The A’s sure find interesting ways to give up runs to the Astros; after allowing eleven runs in a variety of ways last night, they allowed the first two tonight on the same play, a mental error that cost Fiers a home run on his line; his first allowed since June 11th. The second inning opened with a single from Michael Brantley; a later wild pitch moved him to third with one out. The next batter, Yuli Gurriel, smacked a line drive to center field, and Ramon Laureano made the fatal error of the do-or-die play; caught awkwardly in between the catch and the RBI single, he chose neither; instead half-diving to his knees, he missed the ball entirely—“That’s a homerun”, said the Houston announcers, and indeed, it was, a two-run, inside-the-park home run to give the Astros the 2-0 lead. With a runner on third and one out, it’s likely the Astros would have scored anyway, but it still hurt. Likely a touch rattled by the sudden turn of events, Fiers walked Reddick, allowed a two-out single to Stassi, and walked Springer to load the bases. But unlike every single pitch that Homer Bailey threw last night, Fiers threw an inning-ending ground ball that Matt Chapman tossed over to first to end the inning, and the threat. The Astros wouldn’t rally again until he was out of the game.
Other things happened in the game; Mark Canha made a nice catch; Laureano fell down on a different play, the offense struggled every single inning before Matt Olson’s huge hit, and I mean it; they recorded a single in the sixth, a leadoff walk in the seventh was erased by a double play, clearing the bases before two-out singles by Canha and the still-red-hot Laureano brought up Khris Davis, who is piloting the struggle bus merrily down the street on the way to batting ninth. He grounded out to end the seventh, with the 2-0 deficit still in play.
The A’s made barely a whimper in the eighth, but they had parting gifts for Miley on his way out in the ninth, as he walked Semien and allowed a single to Chapman before he was replaced by Osuna, who went 0-2 on Olson before Matt delivered the biggest blow of the game—of the year—against the Astros to give the A’s the lead. Once again, Khris Davis ended the inning with no further damage.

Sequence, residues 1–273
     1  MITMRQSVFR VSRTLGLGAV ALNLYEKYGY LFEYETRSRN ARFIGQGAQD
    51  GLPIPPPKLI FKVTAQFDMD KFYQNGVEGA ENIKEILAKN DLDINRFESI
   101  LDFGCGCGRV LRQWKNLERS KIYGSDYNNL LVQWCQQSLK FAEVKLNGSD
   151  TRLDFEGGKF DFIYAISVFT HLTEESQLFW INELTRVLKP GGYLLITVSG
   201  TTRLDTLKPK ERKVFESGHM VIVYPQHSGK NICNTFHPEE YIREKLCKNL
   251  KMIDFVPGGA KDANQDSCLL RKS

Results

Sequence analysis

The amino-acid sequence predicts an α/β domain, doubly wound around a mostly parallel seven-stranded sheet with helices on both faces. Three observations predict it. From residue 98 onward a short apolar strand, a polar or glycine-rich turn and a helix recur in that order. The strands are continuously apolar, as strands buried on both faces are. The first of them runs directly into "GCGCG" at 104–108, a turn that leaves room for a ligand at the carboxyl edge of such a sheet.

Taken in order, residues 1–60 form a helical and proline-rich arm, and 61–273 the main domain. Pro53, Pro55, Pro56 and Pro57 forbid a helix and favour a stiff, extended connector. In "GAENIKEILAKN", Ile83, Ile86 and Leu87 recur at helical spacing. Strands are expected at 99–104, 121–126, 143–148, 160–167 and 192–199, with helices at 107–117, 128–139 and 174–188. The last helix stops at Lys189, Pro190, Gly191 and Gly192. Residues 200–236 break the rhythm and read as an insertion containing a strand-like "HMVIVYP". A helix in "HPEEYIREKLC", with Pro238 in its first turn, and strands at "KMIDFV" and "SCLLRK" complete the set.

Down a closer, as Hendriks had pitched four of five games, the A’s elected to use Soria for the save, as you can imagine, it did not go that well. He got the big strike out to start the inning, but allowed a single to Yuli Gurriel, who literally never gets out, a fun fact the Astros did not account for when they pinch-ran for him as the tying run, which ironically, took an at-bat away from him (spoiler alert!) as the final batter of the game.
Josh Reddick hit a high chopper over the head of Matt Olson at first to put runners on first and third, and a long sacrifice fly tied the game, in what must have feel crushing to the A’s after the energy they expended in the comeback. FreeJurickson Profar recorded a two-out pinch-hit single to put another runner on in the tenth, but the A’s were still tied going to the bottom of the inning. Enter Petit, who kept the A’s in the game en route to the eleventh inning, rolling a double-play to make up for the leadoff error.
As if the A’s weren’t fighting an uphill battle all day, all series, all freakin’ year against the Astros’ resources, they got the short end just one more time in the 11th inning as Laureano made a bid to recover the runs he lost in the second. With one out in the 11th, Matt Olson worked a single to put himself on and after almost being hit by two pitches, Mark Canha walked. And then...Laureano doubled down the line, tucking the baseball under the wall as Reddick raced to retrieve it. Two runs scored on the play, but the umpires reviewed the call and sent Canha back to third base.
Here are some thoughts in the moment: a) Why is there a baseball-sized gap under the wall? b) Canha was rounding third, heading to the plate already c) Reddick played the live ball; he didn’t raise his hands ala a ground-rule double at all and d) If indeed it was a dead ball, why was a review necessary to place the runners at second and third? We await a further explanation.
Thoughts soon after: e) Khris Davis should be batting ninth or back on the IL as he popped up, leaving runners at second and third with one out, unable to re-score the A’s fifth run. And once again, up a single run, the A’s tried to nail down the game again, leaving in Petit for a second inning. Color me wrong; I would have used Treinen for his upside. I might have used him in place of Soria, even. But Bob Melvin elected to use what was working, and it worked. Never a doubt, one, two, three and the A’s win.
It was glorious. Just amazing. So satisfying. 10/10 would recommend.
Now, if only some of tonight’s magic would rub off for tomorrow’s contest as the A’s face Verlander at 11:00AM sharp. We’ll see you back here with all the action.
LET’S GO OAK-LAND!